I've always been pretty impatient, and for so long I was worried I was never going to get to my definition of 'making it.' So, I would tell my younger self not to worry about the 'grand vision' for your career. Think of your career in smaller chunks and make decisions on jobs and roles based on the next two to three years. If you lean into those periods of time without trying to worry about how this is going to get you to your bigger, lofty aspirations, you'll learn and do more than you ever imagined. And then one you'll wake up and realize those small periods added up to a whole lot more than your definition of ‘making it.’. And that you passed those lofty aspirations a while ago.
Erika Ekiel, Startup and venture firm brand and comms advisor
I would remind myself that the best way to be successful is to go deep on the things you do really well and love to do. There are likely to be opportunities to do more things and advance in a different or broader direction, but when you focus more deeply on the things that make you “you,” that’s where you’ll find not only your greatest joy, but also differentiation in your field and success.
Kristen Winzent, co-founder of The Regenerates
Seek out people, not brands. It's more advantageous for your growth and development to work for/with people who will invest in you and lift you up along your career than going to a hot company.
Michael Kaye, director of brand and comms at OKCupid
Networking is the easiest and most impactful thing you can do. And it’s never too early to start building your professional network. Connect with people within the industry on LinkedIn, add a personal note sharing why you’re reaching out, and ask for an in-person or virtual coffee chat, and come prepared with questions to guide the conversation.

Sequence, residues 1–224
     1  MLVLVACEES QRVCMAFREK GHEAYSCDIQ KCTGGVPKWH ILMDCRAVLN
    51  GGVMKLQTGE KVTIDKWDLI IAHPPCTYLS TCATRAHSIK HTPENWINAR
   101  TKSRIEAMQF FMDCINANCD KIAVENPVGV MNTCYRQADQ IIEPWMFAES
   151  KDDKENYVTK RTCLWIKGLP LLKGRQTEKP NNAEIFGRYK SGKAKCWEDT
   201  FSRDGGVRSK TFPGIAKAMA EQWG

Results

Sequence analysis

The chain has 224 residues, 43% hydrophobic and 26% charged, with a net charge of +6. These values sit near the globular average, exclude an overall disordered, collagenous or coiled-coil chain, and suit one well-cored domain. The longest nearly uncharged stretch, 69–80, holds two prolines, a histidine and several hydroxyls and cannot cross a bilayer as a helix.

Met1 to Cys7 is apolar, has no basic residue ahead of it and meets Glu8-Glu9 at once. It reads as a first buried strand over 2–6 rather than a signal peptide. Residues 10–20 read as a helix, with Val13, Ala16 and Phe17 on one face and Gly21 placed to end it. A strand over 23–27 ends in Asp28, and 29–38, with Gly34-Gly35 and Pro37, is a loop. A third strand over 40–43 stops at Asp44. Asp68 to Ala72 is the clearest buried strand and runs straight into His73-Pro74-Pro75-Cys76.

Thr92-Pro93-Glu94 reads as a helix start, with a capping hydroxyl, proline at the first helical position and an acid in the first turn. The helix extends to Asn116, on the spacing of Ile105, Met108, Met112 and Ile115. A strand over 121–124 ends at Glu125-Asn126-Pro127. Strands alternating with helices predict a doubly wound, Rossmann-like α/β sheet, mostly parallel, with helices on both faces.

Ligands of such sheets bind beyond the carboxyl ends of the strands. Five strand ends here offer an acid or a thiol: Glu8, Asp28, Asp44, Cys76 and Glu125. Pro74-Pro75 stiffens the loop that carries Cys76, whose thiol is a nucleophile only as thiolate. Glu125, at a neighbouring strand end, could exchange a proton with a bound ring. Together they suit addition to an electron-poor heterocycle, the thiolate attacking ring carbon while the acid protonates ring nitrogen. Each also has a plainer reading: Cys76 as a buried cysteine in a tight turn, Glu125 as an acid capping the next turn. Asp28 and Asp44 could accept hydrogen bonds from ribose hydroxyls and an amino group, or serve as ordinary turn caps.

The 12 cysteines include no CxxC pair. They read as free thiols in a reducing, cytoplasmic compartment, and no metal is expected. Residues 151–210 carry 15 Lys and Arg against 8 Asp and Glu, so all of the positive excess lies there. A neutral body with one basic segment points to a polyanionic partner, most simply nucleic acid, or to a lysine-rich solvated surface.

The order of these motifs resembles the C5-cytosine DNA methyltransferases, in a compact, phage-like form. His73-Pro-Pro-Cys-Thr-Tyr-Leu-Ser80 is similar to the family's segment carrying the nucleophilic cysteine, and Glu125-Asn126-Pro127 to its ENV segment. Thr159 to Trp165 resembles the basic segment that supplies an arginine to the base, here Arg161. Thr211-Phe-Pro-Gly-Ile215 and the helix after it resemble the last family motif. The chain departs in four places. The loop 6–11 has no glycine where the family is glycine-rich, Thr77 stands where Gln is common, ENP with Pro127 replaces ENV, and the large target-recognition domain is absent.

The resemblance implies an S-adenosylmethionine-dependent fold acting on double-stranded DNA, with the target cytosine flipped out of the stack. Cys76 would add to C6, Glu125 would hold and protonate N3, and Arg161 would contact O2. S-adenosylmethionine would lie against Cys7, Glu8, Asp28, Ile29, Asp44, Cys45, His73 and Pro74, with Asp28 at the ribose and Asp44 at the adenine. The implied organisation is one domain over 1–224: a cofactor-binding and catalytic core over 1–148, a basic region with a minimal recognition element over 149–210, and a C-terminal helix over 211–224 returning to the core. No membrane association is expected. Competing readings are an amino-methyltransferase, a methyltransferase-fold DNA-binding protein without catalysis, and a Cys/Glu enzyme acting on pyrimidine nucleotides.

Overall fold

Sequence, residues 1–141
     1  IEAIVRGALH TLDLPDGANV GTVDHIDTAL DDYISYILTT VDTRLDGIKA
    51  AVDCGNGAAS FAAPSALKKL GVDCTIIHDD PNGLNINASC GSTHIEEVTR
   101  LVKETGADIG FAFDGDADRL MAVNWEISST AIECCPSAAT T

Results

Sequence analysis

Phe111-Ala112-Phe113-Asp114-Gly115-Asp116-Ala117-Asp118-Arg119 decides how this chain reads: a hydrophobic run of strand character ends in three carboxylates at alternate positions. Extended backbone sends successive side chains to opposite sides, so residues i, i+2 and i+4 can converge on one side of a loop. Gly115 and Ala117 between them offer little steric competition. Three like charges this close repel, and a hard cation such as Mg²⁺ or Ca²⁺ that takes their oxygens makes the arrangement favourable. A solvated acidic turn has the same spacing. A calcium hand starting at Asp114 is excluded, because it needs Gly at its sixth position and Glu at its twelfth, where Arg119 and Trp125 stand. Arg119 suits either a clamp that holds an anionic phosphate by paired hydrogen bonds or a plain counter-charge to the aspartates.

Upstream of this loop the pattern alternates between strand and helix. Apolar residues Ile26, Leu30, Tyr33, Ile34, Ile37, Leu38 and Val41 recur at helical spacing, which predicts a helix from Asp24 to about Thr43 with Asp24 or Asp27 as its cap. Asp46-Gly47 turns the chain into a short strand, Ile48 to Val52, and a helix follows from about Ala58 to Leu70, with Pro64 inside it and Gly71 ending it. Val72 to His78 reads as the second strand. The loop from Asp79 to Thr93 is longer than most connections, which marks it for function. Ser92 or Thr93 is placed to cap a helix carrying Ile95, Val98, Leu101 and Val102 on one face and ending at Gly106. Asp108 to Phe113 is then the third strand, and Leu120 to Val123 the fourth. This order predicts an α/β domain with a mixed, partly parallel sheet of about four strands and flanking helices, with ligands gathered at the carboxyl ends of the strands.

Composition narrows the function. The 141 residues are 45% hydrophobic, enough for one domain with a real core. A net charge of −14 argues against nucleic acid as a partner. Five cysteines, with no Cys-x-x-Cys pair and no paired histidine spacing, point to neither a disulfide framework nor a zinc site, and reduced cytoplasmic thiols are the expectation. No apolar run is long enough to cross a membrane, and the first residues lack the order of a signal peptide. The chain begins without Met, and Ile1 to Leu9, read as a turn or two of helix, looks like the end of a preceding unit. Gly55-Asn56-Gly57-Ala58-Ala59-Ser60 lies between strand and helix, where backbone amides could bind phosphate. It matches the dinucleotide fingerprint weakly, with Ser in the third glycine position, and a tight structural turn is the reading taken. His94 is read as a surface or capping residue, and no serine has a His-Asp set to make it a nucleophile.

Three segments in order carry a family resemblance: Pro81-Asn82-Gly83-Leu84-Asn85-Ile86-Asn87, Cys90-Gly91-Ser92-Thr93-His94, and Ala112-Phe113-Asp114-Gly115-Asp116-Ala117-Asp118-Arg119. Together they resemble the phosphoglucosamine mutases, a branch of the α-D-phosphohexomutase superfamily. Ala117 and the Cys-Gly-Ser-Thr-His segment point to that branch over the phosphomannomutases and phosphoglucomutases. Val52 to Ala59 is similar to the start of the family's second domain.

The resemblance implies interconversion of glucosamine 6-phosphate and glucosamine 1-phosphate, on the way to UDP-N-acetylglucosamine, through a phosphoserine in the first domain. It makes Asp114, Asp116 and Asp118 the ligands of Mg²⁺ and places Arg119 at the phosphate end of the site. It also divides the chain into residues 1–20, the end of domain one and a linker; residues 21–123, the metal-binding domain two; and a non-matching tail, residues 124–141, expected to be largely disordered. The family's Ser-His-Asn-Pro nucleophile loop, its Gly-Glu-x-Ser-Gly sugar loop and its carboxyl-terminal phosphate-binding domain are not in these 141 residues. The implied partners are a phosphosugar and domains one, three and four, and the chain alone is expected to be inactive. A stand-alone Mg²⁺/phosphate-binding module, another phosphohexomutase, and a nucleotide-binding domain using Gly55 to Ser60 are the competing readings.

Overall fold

Justin Dorff, head of communications at Confluent
Don’t aim for perfection. Perfection is a fool’s errand. You’ll never achieve it, especially in a subjective field like comms where there is rarely a single black and white option.
You have to change your focus from aiming for perfection to a focus on getting a little bit better each day. When you inevitably make a mistake or get something wrong, dig into why and how you came to that decision without judging yourself harshly. And do the same when you knock something out of the park. What did you do that led to that good outcome? Is there anything you could do differently next time for an even better result? If Rome wasn't built in a day, you shouldn’t expect your career to be.
Alexandra Dimiziani, former AirBnb global marketing director, CMO and advisor
Happiness is the result of our many daily, practical decisions. So think, in practical terms, about the kind of days you want to have-- literally, where you want to be, what you want to be doing, and who you want to be doing that with-- and make career decisions that help you achieve that day-to-day life.
Also, remember that crafting our best life comes with trial and error. No decision is ‘wrong’ if it ultimately helps you uncover and engage with what is ‘right’ for you.
Jason Golz, founder of Highline Communications
Huge problems abound and business is a great way to address many of them. You are creative and there are lots of ways to deploy that creativity. For example, try spending time on the operations side of business, too.
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I would add: use your PTO!